Michael: Hello, my name is Mike, and I used to be a banker.
Shirley: My name is Shirley, and I’m a long-time pawn-shop owner.
One of the themes of the Post-2008 Crisis world is how much people don’t like their banks.
I had a conversation with my friend Shirley who runs a financial services company whose practices are older than traditional banking – she runs a pawn shop.
While I was a banker, I never stepped inside a pawn shop – but I wanted to learn what their role is in the financial services business for the anti-banking crowd as well as the un-banked crowd. I found out that business is quite good in the niche her pawn shop fills. In addition she relayed an ironic an illustrative experience she had with her own business’ bank.
But first off, business has been really booming during the Great Recession.
Shirley: One thing that has really transformed our business is the high gold prices. But that’s one of the reasons we’ve seen such great success over the last few years, is those high gold prices.
A little gold ring that maybe at one time was worth thirty dollars is now worth a hundred dollars, so that really has transformed it for us. The other thing is the technology and the way that our business is run is really different than what it used to be, because we’re all run on the cloud. It’s very fast, and we can store a lot of information.
Shirley explained to me the advantage her pawn shop holds over traditional banks, including clarity of service, personal touch, and the ability to do small scale lending.
Michael: Do you think banks are missing something that they ought to be doing to get the customers or they just — they’re in a different sort of business, that they wouldn’t want your customers? It sounds like they can’t do what you can do.
Shirley: The banks — to do a loan like we do, it’s very labor intensive. We have to have storage space. We have to have customers entering all of the data of every single loan that’s being done. So for example we do almost a hundred loans a day, which the average loan being around ninety dollars, so it’s a very expensive loan to do in terms of labor. So certainly the banks can’t handle that. They wouldn’t have anywhere to put the items. You wouldn’t want one of your bank tellers lifting and moving and taking things through a warehouse. Definitely, we have a niche market. But I also think the banks are not interested in doing such short-term, small loans for that reason; it’s just too expensive.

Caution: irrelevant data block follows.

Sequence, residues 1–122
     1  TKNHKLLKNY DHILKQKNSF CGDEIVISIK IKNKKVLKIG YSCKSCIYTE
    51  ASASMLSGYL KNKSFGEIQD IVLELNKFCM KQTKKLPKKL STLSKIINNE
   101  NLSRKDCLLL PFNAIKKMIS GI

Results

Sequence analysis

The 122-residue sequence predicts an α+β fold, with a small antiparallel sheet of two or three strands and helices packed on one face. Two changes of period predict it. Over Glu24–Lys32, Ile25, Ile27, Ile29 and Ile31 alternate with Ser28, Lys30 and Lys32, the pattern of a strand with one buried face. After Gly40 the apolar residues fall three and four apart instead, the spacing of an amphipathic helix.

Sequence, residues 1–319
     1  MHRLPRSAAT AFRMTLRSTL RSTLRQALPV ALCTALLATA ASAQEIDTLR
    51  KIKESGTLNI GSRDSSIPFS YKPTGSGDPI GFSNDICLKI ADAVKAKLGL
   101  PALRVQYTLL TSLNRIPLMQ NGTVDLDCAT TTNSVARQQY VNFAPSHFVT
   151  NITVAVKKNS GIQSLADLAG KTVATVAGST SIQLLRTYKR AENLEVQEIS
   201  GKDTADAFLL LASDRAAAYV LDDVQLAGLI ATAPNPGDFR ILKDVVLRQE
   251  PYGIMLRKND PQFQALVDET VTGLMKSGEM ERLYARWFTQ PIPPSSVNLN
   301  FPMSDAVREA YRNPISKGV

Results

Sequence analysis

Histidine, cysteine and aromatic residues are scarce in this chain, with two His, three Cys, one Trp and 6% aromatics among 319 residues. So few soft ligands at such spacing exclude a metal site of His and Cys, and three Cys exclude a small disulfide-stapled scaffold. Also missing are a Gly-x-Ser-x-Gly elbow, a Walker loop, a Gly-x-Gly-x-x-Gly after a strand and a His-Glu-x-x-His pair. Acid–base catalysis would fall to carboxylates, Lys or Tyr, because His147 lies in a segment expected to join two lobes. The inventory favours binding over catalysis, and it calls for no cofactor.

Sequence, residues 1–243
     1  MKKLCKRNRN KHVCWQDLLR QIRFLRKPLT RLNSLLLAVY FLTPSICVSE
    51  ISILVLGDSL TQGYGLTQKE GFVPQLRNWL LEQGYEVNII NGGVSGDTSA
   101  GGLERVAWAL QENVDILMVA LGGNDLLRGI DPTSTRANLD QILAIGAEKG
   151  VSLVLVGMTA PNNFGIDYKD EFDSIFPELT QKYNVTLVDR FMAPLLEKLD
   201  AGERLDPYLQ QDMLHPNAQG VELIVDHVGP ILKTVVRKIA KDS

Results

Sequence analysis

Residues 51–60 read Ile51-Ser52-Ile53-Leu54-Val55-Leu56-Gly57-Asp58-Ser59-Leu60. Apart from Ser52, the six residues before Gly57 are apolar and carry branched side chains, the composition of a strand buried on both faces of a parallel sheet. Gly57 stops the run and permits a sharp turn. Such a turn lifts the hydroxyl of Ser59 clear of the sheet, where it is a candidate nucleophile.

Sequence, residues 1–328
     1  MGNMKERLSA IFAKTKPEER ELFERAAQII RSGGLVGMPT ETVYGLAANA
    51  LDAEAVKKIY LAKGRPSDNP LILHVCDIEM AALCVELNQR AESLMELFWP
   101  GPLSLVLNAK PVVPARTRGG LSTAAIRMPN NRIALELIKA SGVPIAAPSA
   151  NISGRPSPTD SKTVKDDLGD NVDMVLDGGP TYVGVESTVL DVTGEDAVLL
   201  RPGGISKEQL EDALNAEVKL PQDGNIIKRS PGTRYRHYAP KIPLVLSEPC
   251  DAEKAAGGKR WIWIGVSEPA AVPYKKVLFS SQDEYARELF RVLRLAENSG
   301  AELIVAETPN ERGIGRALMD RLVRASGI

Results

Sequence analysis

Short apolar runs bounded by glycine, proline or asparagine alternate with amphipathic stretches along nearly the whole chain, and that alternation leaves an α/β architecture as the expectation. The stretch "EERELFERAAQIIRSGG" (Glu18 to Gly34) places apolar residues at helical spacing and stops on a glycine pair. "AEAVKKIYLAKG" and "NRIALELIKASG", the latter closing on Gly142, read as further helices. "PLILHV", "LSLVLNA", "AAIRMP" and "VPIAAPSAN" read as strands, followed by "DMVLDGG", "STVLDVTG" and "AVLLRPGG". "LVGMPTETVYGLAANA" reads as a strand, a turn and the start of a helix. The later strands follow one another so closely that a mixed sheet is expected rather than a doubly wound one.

Michael: I don’t know if you listened to a radio program of not that long ago, maybe six months ago, and I think it was a design program. But it basically talked about if you were an alien and you showed up and walked into a bank lobby where there’s no signage, there’s no menu, there’s no description of what they’re doing there, and you don’t know that they give loans. You don’t know what they do; it’s a very mysterious thing the way a traditional bank lobby is set up.
I’ve often thought about that. This radio show was about why in fact check cashing and payday lenders tell you, are a more inviting place for certain types of customers who don’t want to walk into a place where everybody is sitting behind a desk and there’s no menu, there’s no signage, there’s no description of what they do; whereas in contrast, your average check-cashing place, and there may be an analogy to what you all do at the pawnshop, it’s kind of clear. This is what we do and here’s how you engage in our financial service; whereas at the bank it’s totally unclear and off-putting, almost by either purposeful design of by mistaken design. This show is saying this is a terrible way for people to design it. I wonder if you have any comment about that, when you think about contrasting what you do versus what a bank does?
Shirley: That’s interesting. I haven’t really thought of that, but I think that’s exactly right. It is confusing when you go to a bank. It’s even confusing for somebody like me who’s been a traditional bank customer for a long time. If you have a question, even just about products they offer, you don’t really know who to ask. I had not thought of that before.
Yes, I think it’s much more clear in our industry. A person walks in and first of all they’re approached right away by an employee, at least in our store they are: “How can I help you?”
And the person says, “I need a loan.” “Okay, well let me help you with that.” It’s much easier, I think, than to walk into a place and you don’t know if you’re supposed to stand in line or do you go to the teller and say, “I need a loan”? Like “Oh, that’s not how it works.”
Michael: You can’t just walk up to the teller and say, “I want a loan, give me money.” They’ll just look at you like you’re an alien.